Alright this is going to be a quick one. Really more of a stream of consciousness than a blog. But I’ll do my best to organize it.
Dropped a blog last week about how every CEO/founder/whatever needs to be on social media. And I still firmly believe that. Don’t worry, I didn’t do a 180 in a week. But it occurred to me that a lot of CEOs and founders aren’t marketers. That is, they aren’t used to creating content, much less being a thought leader. And for someone who isn’t a natural content machine, social media can be extremely daunting. So I put together a few thoughts on how you can be successful on social, whether you’re a CEO or just starting to build your brand.
Again, daunting — I know. But the easiest way to get comfortable with social quickly is to put up daily posts. Regular posting also helps you get better, learn what people react to, and write on days you aren’t in the mood to write.
And your posts don’t have to be some long, drawn out paragraph where you bare your soul about the major turning points in your career. It can be a basic tip about branding, or a quick anecdote from your week, or just whatever the hell you’re thinking at the time. What’s more important is getting your name out there and keeping it on people’s minds (and feeds).
Take this Tweet from Privy founder/my boss, Ben Jabbawy:
A simple, great lesson from a founder and leader who’s been there and done that. Short and to the point — I guarantee that tweet took him about 30 seconds. Remember: it’s social media. No one comes on Twitter to read an essay.
Watch for Engagement
It’s not a vanity metric. It’s real.
Yeah, it’s a nice ego boost if you get a lot of likes, thumbs up, or the coveted crying laughing emoji on a post. But really, engagement is an indicator of how well your content is resonating with your target audience.
If you’ve posted for a week and no one is responding, (comments are your best sign), it’s time to change up the content. It’s also the best way to do some quick message testing. Maybe you posted a tip about a content play that worked for you and it didn’t really generate any buzz. Ok, no problem. The next day, post a picture of the play. Or show the before/after to make it more tangible. Or just change the subject entirely. Keep throwing things at the wall; eventually something will stick.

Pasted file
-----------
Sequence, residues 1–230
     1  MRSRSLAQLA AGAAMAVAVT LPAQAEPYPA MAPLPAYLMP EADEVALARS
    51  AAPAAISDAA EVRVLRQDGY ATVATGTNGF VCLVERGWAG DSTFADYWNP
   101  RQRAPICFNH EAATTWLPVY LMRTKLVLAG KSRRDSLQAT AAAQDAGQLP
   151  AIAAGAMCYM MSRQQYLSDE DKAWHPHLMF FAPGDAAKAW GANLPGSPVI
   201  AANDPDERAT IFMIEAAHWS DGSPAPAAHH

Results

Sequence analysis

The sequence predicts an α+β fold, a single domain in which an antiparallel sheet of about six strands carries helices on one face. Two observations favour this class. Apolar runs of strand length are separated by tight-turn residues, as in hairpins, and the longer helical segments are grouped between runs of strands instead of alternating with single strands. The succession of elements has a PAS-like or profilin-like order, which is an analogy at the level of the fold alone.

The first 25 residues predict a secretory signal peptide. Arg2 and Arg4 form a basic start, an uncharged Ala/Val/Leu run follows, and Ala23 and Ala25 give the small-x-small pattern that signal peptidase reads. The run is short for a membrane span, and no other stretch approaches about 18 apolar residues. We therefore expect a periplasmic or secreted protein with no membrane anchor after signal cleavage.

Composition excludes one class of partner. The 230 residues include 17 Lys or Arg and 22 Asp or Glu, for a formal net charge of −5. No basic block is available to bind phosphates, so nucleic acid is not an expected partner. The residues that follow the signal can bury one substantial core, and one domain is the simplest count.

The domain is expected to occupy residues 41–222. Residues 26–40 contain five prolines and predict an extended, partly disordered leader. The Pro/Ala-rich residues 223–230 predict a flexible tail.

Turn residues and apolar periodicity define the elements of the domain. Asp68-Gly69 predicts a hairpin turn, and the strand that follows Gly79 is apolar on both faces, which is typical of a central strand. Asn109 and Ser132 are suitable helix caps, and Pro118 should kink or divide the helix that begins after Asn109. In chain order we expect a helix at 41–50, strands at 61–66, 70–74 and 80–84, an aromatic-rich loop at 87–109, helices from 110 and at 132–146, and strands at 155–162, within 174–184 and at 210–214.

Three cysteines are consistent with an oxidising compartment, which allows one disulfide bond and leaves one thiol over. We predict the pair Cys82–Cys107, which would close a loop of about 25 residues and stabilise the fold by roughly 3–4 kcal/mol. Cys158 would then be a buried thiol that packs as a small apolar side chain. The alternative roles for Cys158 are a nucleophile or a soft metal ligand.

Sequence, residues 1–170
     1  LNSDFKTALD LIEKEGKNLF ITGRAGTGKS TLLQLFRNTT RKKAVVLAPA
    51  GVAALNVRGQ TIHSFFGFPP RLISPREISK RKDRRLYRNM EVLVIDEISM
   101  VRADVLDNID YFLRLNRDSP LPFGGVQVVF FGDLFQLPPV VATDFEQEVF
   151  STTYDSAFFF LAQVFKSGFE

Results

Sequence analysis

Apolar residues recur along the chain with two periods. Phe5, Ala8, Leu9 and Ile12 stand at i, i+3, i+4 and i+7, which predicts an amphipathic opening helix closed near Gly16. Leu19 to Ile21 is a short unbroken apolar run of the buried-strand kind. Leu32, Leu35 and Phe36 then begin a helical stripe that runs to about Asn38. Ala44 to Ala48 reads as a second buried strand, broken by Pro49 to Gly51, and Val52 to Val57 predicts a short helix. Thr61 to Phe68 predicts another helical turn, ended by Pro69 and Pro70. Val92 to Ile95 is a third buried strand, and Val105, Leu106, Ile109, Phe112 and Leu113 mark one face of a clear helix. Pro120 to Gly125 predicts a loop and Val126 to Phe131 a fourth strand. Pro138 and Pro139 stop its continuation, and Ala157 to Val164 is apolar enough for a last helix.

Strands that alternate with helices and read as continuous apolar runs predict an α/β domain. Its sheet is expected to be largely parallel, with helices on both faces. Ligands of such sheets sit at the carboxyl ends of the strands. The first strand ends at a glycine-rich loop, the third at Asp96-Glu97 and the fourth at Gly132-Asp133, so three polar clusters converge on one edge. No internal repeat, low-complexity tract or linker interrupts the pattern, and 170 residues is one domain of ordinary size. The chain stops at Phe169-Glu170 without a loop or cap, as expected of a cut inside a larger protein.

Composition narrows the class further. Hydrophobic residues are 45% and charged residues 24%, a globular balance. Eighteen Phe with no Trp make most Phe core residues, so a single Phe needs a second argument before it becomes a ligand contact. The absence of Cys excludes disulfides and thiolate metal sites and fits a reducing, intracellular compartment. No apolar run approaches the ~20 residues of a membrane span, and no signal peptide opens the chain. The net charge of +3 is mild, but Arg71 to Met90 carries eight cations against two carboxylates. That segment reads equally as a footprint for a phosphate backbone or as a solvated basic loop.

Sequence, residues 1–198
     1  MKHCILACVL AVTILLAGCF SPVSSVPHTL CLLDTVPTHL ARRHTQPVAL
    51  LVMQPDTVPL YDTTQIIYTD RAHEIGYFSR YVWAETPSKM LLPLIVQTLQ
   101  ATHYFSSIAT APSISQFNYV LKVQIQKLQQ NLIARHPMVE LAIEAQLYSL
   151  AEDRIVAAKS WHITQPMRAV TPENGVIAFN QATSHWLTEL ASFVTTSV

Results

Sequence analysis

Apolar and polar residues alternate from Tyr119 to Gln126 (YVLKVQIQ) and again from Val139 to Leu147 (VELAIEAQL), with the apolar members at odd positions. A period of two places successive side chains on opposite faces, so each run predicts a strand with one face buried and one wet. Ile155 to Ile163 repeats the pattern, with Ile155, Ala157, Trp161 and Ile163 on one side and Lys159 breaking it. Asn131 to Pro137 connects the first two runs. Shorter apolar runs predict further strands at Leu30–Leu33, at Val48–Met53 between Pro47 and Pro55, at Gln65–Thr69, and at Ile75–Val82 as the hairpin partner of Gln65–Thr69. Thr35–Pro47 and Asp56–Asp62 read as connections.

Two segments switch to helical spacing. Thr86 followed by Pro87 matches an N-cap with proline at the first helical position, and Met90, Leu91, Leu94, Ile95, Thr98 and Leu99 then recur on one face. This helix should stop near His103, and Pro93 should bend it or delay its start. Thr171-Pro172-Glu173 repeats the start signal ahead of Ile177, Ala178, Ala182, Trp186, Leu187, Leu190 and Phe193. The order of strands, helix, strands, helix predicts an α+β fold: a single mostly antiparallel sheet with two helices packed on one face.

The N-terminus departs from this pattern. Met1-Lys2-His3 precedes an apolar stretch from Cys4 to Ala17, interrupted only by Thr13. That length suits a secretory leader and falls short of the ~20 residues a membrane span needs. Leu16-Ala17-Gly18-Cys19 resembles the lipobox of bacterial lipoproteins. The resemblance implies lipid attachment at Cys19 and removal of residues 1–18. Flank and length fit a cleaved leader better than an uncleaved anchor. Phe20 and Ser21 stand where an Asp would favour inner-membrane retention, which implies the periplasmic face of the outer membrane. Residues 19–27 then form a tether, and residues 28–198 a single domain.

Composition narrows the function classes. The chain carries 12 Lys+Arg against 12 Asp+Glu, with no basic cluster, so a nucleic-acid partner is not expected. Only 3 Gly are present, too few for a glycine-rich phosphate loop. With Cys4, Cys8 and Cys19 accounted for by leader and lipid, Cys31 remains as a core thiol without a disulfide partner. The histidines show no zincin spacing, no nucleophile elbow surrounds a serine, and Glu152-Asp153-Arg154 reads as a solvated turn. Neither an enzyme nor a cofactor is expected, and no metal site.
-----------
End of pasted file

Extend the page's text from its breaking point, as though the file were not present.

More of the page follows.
Find a Niche
Yes, you’re a well-rounded person with a wide range of interests and knowledge on a lot of different things. That’s great. Always be learning. But for the purposes of social media, find a niche and stick to it.
It doesn’t mean you can’t have opinions on things outside of that niche. But as a general rule, posting about a certain topic regularly draws in a crowd of people interested in that topic. I have lots to say about lots of things, but I really only share about marketing on LinkedIn. As a result, I attract an audience of marketers. You can do the same in your niche.
Look at Erik Jacobson’s (Founder, Lemonpie) Twitter bio:
It’s pretty clear what Erik is online for. He helps you figure out podcasting strategies. Now take a look at his feed. You’ll be hard pressed to find many tweets that don’t relate to podcasting/content marketing in some way. Heck, even his banner image is about podcasting (and an homage to Drake). He’s found a niche and he’s great at catering to that audience.
Use Your Experience
Don’t know what to share? Draw from your experiences. I KNOW you have some things to say about your industry. Talk about meetings you had. Trends you’re seeing. Challenges you’re having. Challenges your customers are having. Lessons you’ve learned. Observations you’ve made.
Sara Pion (Sr. Marketing Manager, Alyce) and former Drift superstar has a great LinkedIn game. She sheds light on common problems and situations that young marketers encounter in startup life. How does she know about these problems, you ask? BECAUSE SHE EXPERIENCES THEM FIRSTHAND. Her content is relatable because she draws on her experience to inform the conversation and offer guidance to people in similar situations.
It doesn’t matter where you sit on the corporate totem pole — you have some thoughts on your space, startup life, office culture, something. And if you’re a founder or executive, even better. You’ve seen it all. Share a story from 10 years ago when you were coming up and compare it to how things are now. Or relate a problem that you once had that young marketers still experience. People want that wisdom and guidance.
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Have a good one.